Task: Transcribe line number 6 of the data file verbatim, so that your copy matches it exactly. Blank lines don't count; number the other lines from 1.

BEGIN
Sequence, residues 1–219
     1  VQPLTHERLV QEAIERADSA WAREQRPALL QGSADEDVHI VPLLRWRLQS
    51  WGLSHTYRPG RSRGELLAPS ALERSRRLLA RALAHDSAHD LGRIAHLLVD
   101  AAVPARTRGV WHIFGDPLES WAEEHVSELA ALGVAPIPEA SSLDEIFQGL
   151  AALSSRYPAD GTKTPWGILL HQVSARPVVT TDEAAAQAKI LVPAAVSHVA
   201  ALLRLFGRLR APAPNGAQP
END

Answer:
   201  ALLRLFGRLR APAPNGAQP